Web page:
How to Add a Solid-State Disk (SSD) to a Desktop Computer

by Robert Bayly

An SSD, or solid state drive, is the next generation of hard-drive technology. They use "non-volatile" memory chips similar to the memory card you use in your digital camera. The SSD enjoys superior performance to mechanical hard drives because it has no moving parts. It has superior read and write speeds compared to a standard hard drive. The big boost, though, comes from its almost nonexistent access time. Using an SSD as a boot drive for your operating system will dramatically increase your performance.

Power down your computer. Remove the power cord from the back of the computer. Unplug any peripherals that are connected to the computer, such as the monitor, printer, network cable, etc.

Remove the left-hand side cover. Most covers have two Phillips head screws at the rear of the cover. Use a Phillips screwdriver to remove them.

Use a Phillips screwdriver to attach spacer brackets to each side of the SSD. SSDs are smaller than standard hard drives and the brackets will allow you to fit the drive in the computers hard-drive bay. The SSD should come with brackets.

Slide the SSD into the hard-drive bay and install two Phillips screws on each side of the bay using the Phillips screwdriver.

Plug one end of a SATA cable into the SSD and the other end into a SATA port on the motherboard. Note that the SATA plug is shaped like an "L" so it only fits one way. If you look closely, you will see that the SATA plugs on the motherboard are numbered. If you have an existing drive in SATA 1, plug the SSD into SATA 2.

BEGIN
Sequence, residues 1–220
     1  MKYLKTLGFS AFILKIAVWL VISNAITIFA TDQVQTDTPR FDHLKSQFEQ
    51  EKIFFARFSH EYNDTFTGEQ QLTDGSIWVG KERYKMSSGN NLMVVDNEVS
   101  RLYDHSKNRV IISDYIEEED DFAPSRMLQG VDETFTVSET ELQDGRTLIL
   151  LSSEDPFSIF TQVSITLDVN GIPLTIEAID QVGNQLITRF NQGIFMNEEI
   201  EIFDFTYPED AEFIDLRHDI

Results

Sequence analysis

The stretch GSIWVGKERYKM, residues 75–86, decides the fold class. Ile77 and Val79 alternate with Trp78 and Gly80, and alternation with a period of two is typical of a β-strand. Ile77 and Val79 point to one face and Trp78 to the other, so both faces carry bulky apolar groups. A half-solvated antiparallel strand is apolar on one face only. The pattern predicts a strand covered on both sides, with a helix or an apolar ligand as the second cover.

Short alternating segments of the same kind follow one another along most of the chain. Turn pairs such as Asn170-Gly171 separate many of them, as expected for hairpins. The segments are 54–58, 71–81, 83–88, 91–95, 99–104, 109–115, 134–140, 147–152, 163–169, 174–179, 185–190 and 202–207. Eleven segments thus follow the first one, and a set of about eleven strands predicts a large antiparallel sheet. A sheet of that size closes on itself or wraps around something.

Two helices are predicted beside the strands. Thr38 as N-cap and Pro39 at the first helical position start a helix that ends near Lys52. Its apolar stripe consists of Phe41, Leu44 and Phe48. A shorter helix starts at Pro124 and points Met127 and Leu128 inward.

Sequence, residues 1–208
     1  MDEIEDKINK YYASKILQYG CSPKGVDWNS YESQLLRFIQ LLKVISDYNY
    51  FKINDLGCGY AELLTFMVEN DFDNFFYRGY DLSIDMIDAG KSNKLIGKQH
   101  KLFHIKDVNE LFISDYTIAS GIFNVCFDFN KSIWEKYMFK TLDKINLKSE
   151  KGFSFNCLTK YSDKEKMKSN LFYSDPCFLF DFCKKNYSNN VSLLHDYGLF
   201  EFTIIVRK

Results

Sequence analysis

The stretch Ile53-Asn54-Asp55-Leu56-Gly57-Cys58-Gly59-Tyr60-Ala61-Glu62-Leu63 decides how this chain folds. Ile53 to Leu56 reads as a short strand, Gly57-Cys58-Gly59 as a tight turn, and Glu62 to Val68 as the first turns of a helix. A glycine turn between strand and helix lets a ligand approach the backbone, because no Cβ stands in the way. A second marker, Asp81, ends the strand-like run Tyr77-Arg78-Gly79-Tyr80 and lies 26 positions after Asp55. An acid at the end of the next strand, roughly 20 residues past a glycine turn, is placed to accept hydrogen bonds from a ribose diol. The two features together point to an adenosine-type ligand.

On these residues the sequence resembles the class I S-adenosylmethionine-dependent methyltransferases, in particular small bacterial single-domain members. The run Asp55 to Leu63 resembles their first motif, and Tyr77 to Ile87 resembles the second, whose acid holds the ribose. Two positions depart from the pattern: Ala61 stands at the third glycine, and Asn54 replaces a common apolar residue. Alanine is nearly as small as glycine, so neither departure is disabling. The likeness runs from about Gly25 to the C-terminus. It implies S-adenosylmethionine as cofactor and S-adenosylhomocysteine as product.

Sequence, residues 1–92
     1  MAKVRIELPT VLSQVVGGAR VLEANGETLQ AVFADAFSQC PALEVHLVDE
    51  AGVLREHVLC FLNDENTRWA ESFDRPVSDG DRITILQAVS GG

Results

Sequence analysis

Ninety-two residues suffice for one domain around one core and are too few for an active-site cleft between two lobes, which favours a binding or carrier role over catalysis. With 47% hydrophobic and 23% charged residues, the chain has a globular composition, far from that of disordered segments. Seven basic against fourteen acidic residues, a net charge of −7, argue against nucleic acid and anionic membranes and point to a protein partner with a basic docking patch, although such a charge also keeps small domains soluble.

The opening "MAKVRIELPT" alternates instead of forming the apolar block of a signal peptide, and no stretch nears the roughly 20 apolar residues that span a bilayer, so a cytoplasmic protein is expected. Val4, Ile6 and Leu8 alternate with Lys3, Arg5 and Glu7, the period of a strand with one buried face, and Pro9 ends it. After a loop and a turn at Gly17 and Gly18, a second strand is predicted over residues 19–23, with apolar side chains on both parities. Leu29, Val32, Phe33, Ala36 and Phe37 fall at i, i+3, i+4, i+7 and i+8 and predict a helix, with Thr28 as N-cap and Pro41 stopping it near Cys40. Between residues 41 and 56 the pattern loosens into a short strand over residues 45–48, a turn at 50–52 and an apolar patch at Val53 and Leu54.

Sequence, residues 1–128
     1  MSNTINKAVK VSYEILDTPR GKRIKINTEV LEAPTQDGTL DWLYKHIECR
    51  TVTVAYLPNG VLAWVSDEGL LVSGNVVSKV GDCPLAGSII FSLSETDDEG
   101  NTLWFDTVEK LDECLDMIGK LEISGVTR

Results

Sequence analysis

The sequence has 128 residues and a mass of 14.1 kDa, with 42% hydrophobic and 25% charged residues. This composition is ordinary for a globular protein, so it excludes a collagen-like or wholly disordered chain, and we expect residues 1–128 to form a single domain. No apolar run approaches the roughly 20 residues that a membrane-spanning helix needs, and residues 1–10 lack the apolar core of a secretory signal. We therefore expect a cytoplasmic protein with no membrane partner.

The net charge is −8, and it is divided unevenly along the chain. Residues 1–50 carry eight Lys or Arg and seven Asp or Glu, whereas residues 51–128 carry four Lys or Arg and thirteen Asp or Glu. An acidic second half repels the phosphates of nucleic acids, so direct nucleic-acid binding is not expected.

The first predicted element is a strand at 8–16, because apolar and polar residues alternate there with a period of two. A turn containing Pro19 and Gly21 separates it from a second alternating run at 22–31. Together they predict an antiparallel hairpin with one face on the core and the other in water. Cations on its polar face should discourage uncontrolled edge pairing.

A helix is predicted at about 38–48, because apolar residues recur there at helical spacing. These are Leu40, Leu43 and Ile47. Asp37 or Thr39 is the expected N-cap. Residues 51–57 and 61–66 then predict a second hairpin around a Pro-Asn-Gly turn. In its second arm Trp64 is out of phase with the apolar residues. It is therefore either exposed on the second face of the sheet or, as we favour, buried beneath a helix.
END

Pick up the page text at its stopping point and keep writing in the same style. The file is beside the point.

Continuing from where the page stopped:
Plug a SATA power connector into the SSD. Note that the power plug is also shaped like an "L" and only goes on one way.

Replace the side cover, connect any peripherals you disconnected, plug in the power cable. Start the computer. It will automatically recognize the installed SSD.


  • check Some SSDs come with cloning software that will allow you to copy the contents of your original drive to the SSD. If you are building a new system, plug the SSD into SATA 1. If you are going to reinstall your operating system, plug the SSD into SATA 1.

Items you will need

About the Author

Robert Bayly, based in Apple Valley, California, began writing in 2010, his "how to" articles can be found on eHow. With more than 15 years in the auto industry, Bayly has been an auto and diesel mechanic, service writer and parts manager. He received certificates from Pontiac (parts system), Cat Diesel (engine service), Saab and Fiat (parts- warranty system).